NZ/Thailand Double Tax AgreementForeign Affairs and Trade
New Zealand has signed a double tax agreement with Thailand which will reduce costs for companies doing business in Thailand, Minister of Revenue Max Bradford and Foreign Minister Don McKinnon announced in a joint statement today.
The Ministers said the Government welcomed the agreement as it would reduce compliance costs and would help stimulate trade and investment with Thailand, an important market for New Zealand in South East Asia.
Key features of the agreement are:
- Withholding tax rates are limited to 15% for dividends; 10% for interest, and 15% or 10% for royalties (depending on the type of royalty).
- Business profits will generally be exempt in the host country if the business is of a temporary nature.
- Some mobile services such as consultancy, building, installation, and natural resource exploration and exploitation must be conducted in the other country for over six months before that country may tax the income.
- Income from professional services may only be taxed in the host country if the person performing the services is present for more than 183 days or has a fixed base in that territory.
- Wages and salaries will generally also require a 184-day period of presence before they may be taxed in the host country, although this period does not apply if the employer is a resident of that country or has a permanent establishment there.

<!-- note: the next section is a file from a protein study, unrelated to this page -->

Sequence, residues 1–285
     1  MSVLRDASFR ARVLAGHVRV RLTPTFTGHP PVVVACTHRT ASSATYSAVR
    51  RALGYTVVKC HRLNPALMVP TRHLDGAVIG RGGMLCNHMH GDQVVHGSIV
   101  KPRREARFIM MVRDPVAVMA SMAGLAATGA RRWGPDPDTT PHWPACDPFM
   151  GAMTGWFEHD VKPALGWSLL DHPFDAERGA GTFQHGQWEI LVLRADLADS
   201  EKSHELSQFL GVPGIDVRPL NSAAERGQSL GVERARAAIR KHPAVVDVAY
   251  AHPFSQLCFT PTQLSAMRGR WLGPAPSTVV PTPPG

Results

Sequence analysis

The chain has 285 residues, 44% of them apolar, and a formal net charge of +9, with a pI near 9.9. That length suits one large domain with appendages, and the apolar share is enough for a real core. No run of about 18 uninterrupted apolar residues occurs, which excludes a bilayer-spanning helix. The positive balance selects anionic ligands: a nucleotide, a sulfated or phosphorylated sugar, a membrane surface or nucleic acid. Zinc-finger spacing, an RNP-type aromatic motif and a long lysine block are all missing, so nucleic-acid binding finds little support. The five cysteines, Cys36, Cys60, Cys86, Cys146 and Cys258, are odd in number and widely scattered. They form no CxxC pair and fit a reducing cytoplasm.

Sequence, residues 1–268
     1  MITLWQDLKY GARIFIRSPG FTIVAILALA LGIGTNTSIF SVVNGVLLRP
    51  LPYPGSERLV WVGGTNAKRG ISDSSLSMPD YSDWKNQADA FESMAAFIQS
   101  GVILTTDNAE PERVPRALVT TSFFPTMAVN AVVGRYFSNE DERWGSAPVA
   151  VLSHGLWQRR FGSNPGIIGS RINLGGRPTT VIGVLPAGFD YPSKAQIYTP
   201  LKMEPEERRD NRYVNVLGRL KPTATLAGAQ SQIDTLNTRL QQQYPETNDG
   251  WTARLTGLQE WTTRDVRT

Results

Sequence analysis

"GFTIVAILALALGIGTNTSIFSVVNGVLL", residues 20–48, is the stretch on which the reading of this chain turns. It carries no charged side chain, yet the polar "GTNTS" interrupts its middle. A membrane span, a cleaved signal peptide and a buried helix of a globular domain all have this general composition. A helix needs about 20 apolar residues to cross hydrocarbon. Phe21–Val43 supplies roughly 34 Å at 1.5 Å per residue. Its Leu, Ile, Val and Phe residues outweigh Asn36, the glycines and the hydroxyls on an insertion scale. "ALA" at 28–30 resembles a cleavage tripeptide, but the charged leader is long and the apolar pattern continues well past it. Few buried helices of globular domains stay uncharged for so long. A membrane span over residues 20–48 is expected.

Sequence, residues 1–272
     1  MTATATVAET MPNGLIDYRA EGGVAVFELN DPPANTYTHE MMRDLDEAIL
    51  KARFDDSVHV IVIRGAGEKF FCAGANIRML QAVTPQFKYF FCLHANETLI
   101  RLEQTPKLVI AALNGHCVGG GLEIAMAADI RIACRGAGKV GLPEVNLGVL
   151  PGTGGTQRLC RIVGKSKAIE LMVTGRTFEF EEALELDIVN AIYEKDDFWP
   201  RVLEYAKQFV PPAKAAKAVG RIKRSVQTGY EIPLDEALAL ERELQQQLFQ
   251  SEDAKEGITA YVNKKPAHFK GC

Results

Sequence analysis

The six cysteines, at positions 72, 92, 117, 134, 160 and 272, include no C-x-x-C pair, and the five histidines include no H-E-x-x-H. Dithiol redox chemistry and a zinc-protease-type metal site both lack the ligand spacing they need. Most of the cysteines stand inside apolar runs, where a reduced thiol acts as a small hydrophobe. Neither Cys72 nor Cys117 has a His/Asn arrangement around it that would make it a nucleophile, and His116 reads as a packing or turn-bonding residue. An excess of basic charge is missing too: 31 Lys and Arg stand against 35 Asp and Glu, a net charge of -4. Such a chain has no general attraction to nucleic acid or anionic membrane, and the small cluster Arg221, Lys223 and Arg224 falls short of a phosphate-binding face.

- Profits from insurance, coastal shipping, domestic air transport, real property, agriculture, forestry, and fishing may be taxed in the country in which they are situated.
- Pensions are to be taxed solely by the State in which the recipient of the pension payment is resident.
- Certain forms of discriminatory tax treatment between non-residents by either tax authority are prohibited.
Mr Bradford and Mr McKinnon said Ministers from both countries were endeavouring to bring the new treaty into force as soon as possible. It is expected that the agreement will apply in New Zealand from January 1 1999 for withholding tax, and from the 1999/2000 income year for income tax. The Agreement can be viewed under "Double Tax Agreements", which is located under "Other Information" on the home page of the Inland Revenue Department web site at www.ird.govt.nz.
In conclusion, Mr McKinnon commented that he was pleased that New Zealand had been able to negotiate the agreement with Thailand, a leading emerging economy in South East Asia. "The agreement will help pave the way to stronger economic linkages between our two countries".